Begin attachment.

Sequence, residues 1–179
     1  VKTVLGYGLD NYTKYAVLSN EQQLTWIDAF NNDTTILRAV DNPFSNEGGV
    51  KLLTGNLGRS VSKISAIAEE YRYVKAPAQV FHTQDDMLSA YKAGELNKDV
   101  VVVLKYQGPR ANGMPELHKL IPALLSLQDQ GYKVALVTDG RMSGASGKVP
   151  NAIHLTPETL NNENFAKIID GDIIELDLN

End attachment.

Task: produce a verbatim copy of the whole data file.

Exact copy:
Sequence, residues 1–179
     1  VKTVLGYGLD NYTKYAVLSN EQQLTWIDAF NNDTTILRAV DNPFSNEGGV
    51  KLLTGNLGRS VSKISAIAEE YRYVKAPAQV FHTQDDMLSA YKAGELNKDV
   101  VVVLKYQGPR ANGMPELHKL IPALLSLQDQ GYKVALVTDG RMSGASGKVP
   151  NAIHLTPETL NNENFAKIID GDIIELDLN